There remains the matter of Tocqueville’s famous letter to his friend, Charles Stoffels, written in April 1830, two years before the American journey ; the letter is included as an appendix in the Nolla edition. (41) If America taught Tocqueville so many significant new lessons and reshaped his ideas in important ways, how can we explain this remarkable letter that seems to summarize Tocqueville’s fundamental concepts about the direction of modern society, about the likely benefits and dangers of that path, and about the recommended political program to be pursued in response by governments and honorable men ? The letter especially prefigures both Tocqueville’s eloquent Introduction to the 1835 Democracy and the concluding sections of his 1840 work.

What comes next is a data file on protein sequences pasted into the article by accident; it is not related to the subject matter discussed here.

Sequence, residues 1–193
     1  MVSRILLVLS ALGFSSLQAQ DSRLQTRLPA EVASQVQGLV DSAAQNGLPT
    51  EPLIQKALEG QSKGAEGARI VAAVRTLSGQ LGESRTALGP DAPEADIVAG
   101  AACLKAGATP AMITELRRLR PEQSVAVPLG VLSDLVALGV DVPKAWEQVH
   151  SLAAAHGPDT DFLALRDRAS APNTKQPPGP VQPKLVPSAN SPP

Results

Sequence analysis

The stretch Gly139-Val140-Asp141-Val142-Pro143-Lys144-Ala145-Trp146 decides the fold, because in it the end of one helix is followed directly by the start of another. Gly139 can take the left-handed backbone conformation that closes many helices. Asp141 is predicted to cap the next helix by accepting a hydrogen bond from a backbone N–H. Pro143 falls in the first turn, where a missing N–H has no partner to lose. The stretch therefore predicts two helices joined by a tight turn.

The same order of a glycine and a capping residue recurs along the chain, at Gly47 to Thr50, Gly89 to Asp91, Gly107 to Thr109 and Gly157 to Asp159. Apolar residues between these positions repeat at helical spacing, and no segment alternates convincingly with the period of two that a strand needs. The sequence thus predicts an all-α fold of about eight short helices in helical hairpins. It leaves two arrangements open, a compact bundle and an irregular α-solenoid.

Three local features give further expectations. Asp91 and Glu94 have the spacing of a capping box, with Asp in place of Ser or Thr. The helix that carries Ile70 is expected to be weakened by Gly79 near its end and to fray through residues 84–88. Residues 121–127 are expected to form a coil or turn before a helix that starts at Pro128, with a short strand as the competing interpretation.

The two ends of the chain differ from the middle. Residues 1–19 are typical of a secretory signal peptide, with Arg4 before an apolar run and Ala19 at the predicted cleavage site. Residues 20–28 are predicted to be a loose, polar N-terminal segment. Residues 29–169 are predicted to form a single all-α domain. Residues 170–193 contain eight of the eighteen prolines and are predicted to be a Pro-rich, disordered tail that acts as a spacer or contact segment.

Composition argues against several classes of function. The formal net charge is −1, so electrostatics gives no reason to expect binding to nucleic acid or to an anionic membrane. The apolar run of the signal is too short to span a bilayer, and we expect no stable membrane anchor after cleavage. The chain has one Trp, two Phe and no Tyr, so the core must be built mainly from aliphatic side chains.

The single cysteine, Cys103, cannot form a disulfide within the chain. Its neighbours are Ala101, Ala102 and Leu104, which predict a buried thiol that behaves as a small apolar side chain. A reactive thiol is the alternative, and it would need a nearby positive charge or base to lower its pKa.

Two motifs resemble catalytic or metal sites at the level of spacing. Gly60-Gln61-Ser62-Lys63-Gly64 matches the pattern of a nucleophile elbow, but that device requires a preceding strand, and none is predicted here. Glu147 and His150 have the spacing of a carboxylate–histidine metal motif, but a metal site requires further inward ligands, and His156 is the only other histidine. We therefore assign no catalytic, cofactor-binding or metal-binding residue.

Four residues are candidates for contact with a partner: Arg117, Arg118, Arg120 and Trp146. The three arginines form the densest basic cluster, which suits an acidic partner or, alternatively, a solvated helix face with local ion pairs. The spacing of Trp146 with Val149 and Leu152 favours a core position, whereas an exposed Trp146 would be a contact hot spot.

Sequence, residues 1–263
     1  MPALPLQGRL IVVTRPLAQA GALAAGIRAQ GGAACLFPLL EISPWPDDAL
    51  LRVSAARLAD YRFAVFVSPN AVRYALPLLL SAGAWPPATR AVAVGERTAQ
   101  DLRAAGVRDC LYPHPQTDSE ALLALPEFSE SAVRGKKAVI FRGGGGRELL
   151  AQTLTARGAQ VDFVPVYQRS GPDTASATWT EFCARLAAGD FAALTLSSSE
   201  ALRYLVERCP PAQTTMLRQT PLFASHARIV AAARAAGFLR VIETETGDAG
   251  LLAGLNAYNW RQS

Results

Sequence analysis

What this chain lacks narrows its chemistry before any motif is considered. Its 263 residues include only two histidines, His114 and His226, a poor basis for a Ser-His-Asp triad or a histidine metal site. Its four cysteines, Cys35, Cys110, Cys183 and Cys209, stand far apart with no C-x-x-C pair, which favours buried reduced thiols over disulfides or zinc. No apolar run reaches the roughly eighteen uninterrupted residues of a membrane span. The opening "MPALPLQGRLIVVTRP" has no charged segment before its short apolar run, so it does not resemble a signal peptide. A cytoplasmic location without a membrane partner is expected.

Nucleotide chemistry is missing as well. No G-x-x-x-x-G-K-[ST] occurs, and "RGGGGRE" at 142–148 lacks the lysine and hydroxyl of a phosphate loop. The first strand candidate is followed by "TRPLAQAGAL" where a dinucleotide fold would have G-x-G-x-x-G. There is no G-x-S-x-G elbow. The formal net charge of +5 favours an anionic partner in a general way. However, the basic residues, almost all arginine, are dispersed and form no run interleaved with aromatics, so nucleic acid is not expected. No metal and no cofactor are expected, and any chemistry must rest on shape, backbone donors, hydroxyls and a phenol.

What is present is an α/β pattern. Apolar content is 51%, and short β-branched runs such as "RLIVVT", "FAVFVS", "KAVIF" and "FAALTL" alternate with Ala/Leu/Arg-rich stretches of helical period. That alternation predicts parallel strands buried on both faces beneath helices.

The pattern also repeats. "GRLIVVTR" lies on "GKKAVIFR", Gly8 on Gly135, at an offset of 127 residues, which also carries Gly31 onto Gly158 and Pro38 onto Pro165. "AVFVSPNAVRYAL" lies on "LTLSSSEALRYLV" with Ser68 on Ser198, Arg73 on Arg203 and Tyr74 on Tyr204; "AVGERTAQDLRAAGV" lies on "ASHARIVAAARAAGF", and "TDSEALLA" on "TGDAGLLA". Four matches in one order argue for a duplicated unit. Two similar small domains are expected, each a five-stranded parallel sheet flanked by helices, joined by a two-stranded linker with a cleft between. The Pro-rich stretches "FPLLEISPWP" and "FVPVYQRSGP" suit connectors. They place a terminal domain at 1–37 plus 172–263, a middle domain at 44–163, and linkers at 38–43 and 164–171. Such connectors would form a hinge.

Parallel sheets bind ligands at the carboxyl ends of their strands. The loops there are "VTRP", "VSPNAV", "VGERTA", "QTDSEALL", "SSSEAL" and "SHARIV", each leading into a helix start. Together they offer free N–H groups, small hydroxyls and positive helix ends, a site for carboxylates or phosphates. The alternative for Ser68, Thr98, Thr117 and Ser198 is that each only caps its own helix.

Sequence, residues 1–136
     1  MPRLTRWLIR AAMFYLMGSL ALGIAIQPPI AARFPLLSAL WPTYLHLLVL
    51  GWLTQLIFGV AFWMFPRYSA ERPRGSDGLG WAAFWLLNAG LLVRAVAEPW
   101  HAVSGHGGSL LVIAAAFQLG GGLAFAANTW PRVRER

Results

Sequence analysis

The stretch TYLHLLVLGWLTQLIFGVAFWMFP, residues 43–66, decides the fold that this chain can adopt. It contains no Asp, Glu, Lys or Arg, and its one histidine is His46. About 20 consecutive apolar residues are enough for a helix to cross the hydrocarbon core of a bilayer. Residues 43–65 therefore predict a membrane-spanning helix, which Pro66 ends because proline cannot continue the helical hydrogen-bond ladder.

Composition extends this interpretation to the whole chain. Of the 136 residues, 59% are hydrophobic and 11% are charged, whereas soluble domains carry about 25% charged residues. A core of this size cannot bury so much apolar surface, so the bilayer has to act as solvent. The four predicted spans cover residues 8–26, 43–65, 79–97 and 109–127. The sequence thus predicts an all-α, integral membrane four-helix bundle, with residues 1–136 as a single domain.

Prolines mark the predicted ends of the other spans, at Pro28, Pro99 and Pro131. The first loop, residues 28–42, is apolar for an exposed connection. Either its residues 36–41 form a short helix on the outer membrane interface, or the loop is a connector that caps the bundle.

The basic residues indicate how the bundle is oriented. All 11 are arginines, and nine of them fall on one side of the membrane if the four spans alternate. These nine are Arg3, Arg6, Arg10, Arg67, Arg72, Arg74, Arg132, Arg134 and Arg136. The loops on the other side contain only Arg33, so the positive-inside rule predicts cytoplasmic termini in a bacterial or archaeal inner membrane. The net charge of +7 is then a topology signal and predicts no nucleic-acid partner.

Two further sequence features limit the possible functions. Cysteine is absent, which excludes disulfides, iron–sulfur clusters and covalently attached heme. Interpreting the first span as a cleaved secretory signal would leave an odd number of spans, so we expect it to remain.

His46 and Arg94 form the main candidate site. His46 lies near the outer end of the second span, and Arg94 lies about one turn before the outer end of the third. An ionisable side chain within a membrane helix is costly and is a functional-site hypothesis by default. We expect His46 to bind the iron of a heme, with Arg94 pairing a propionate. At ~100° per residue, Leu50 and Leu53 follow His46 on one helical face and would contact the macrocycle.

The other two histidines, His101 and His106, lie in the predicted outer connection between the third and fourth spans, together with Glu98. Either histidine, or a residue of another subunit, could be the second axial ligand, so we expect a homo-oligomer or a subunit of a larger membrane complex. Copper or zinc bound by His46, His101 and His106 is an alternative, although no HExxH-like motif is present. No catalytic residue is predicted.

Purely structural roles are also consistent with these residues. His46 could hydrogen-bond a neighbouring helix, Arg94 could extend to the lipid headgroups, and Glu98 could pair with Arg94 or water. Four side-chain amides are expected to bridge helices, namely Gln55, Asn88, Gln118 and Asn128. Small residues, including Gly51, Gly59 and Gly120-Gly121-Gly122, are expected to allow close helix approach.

If you read the letter carefully, however, you find laments about the loss of faith, but no reflection of the singular blend of the spirit of liberty and the spirit of religion, no sense of the role of faith in sustaining democracy, that Tocqueville would find in America. You discover no doctrine of interest well understood, of enlightened self-interest, the new social and political principle that Americans had developed to replace classical republican virtue. And you see no image of modern democratic society as dynamic and vital, yet orderly and well-regulated. The portraits of modern society that Tocqueville painted in his letter are either a flat society, enervated and asleep, or a society torn apart and out of joint. But the additional, more hopeful picture of a democratic society that was both orderly and full of energy, both well-regulated and alive with movement and activity is notably absent. As we have seen, this third image of a healthy and stable democratic society was drawn largely from his American experience. Read in this way, the letter to Stoffels becomes a kind of negative imprint ; by what is missing it reveals what Tocqueville would learn in America.